Suspected reaction to pred. Given several times; always got very depressed.
Table 7B. Adverse Reactions to Drugs: Gastrointestinal
Reaction
Circumstances
Dog was being treated for stomach problems. She fell and the senior vet in the practice saw her and decided to treat her for what he perceived to be a spine ailment. He gave her Deramaxx without looking at her chart. Within a few days she was bleeding internally and had to be euthanized because it could not be repaired.
Overdose of piroxicam (Feldene) from primary vet (at that time), resulting in GI ulceration (also acute renal failure).
Treated pain for a perineal hernia and the vet switched between 2 different NSAIDs without a break between. Dog developed tarry stools and was hospitalized for 2 days for supportive care and meds for the bleeding.
Could not be taken for Lyme disease; refused to eat while on it.
Two dogs have been treated with Metronidazole, and both had noticeable loss Anorexia to Baytril (believe prescribed in response to cut on foot). Some inappetance while on Abx of various types (e.g. amoxicillin, doxycycline, cephalexin, clavamox), which was managed by giving homeopathy (nux vomica) before meals, using flavor enhancers (e.g. Wysong PDG). Mild diarrhea was minimized with probiotics between dosings. Became fevered 1/2 day after having been dewormed with drontal, lost appetite, digestive system was "down " (vomiting, very different stool) for Table 7C. Adverse Reactions to Drugs: Other Reactions
Reaction
Circumstances
Overdose of piroxicam (Feldene) from primary vet (at that time), resulting in acute renal failure (also GI ulceration), resolved with ICU care. On maintenance dose of Deramaxx (50mg/day). Cephalexin was given for interdigtal cyst. Blood concentrations increased for urea (to 17.1 mg/dL; normal = 2.5 to 9.6 mg/dL) and creatinine (to 333 mg/dL; normal = 44 to 159 mg/dL) Saline solution given for 24 hours, and levels returned to normal after 3 days.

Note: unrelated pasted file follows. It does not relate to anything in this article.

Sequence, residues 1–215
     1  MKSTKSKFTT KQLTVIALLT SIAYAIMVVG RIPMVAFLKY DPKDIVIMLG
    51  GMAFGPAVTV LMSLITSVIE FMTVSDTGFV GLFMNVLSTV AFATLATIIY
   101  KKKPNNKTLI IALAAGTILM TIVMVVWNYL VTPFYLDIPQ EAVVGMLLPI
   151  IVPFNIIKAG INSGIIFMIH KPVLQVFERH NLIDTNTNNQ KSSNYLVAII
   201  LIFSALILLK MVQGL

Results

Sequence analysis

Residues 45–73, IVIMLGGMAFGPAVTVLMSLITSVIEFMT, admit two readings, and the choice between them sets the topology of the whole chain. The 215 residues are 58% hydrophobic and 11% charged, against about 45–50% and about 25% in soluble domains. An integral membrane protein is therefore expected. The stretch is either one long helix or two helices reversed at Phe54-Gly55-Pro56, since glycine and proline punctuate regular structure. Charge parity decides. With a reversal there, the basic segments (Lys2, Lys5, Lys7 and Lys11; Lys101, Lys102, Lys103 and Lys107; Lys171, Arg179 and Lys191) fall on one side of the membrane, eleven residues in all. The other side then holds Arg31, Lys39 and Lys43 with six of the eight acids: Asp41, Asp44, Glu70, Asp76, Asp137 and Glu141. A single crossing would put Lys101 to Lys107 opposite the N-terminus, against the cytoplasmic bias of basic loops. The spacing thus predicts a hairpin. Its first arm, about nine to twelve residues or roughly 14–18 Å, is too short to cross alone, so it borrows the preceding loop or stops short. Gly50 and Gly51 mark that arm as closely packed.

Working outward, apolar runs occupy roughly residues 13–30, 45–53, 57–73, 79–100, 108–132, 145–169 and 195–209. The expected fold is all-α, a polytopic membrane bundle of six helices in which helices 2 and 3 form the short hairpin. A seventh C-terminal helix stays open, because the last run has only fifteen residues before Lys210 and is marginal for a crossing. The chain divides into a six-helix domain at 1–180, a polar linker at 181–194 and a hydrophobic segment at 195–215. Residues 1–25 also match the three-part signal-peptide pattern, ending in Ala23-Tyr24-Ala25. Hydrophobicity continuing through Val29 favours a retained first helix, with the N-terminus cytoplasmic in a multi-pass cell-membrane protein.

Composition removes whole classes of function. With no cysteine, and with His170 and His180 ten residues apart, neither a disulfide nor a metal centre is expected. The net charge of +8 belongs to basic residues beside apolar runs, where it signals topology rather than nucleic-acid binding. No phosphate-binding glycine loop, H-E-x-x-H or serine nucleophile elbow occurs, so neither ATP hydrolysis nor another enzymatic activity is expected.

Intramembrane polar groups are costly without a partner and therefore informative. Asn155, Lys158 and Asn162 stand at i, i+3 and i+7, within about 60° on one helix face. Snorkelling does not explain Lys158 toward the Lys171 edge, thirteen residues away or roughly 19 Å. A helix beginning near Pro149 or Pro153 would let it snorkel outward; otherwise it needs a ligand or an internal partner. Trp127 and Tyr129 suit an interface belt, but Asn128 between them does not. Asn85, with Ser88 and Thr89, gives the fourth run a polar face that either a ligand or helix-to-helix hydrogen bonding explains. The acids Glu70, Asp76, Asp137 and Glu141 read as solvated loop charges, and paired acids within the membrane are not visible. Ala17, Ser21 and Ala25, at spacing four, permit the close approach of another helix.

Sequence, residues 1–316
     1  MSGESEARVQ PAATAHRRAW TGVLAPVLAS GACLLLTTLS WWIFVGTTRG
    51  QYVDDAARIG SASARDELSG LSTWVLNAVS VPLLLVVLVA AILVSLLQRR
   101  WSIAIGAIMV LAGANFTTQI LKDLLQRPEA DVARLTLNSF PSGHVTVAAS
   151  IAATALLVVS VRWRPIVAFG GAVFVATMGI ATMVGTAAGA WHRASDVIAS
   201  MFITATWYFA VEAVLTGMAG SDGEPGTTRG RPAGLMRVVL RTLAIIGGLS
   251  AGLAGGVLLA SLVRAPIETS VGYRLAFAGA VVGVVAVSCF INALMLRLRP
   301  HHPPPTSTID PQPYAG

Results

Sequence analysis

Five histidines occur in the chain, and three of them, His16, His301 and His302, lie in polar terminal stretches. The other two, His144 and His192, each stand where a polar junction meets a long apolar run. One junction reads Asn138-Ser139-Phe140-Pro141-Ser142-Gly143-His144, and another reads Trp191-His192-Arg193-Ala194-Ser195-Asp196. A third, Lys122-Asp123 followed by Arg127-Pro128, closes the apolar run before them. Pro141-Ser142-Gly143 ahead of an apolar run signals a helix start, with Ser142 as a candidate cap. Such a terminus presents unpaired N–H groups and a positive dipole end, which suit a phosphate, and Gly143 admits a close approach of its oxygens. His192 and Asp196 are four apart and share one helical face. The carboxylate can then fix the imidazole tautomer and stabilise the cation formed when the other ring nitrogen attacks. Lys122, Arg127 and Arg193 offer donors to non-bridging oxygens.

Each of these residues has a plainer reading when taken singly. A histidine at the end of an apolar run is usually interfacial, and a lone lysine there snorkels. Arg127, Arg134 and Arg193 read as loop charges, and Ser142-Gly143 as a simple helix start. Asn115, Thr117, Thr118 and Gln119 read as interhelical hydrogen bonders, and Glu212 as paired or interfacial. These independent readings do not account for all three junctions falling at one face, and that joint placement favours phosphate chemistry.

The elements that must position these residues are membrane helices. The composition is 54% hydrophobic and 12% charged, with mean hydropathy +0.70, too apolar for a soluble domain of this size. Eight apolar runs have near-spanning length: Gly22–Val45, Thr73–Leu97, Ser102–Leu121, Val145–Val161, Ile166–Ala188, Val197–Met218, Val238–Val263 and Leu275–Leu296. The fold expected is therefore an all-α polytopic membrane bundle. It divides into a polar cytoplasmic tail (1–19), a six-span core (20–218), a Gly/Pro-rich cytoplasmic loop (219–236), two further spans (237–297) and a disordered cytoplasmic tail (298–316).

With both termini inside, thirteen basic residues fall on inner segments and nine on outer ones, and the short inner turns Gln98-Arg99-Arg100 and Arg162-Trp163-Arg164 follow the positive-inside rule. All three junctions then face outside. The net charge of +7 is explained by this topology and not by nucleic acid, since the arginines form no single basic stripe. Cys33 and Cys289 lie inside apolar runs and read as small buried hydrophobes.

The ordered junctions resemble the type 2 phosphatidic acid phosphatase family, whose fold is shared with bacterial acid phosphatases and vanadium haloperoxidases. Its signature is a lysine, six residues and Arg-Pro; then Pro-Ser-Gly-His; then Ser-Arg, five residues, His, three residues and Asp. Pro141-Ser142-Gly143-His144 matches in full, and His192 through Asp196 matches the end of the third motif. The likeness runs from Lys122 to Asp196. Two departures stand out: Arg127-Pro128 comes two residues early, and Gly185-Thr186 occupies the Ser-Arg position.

Severe respiratory distress within 10 min of Frontline application. After being assured by the Deerhound list that Deerhounds do fine on Frontline, we thought it was due to something else. When the next scheduled dose did the same thing, the vet, & we, said "never again". Given after a coursing collision, after which he experienced badly depressed Prescribed to help with skin condition.
Severe allergic reaction to Novo-Lexin (cephalexin) being given for dermatitis.
SMT-TMZ? Sulpha antibiotic. She had a staph infection because of the allergies. We weren't aware the drug was a sulpha. After ten days her skin/eyes went blood red. Rushed her to ER, she was very fortunate to survive.
Not symptomatic on very low doses, but normal doses caused vomiting and diarrhea. Dog died from hemorrhagic pancreatitis, suspected but not proven to be from Rimadyl.
Suspected reaction to pred. Was given several times, and each time would get some type of infection (respiratory, prostatitis, stomach).
Could not tolerate dissolvable stitches/sutures. Her body would simply expel

Source: http://www.deerhound.org/Health/Claymore_Articles/Claymore_Health_Survey_III_FINAL.pdf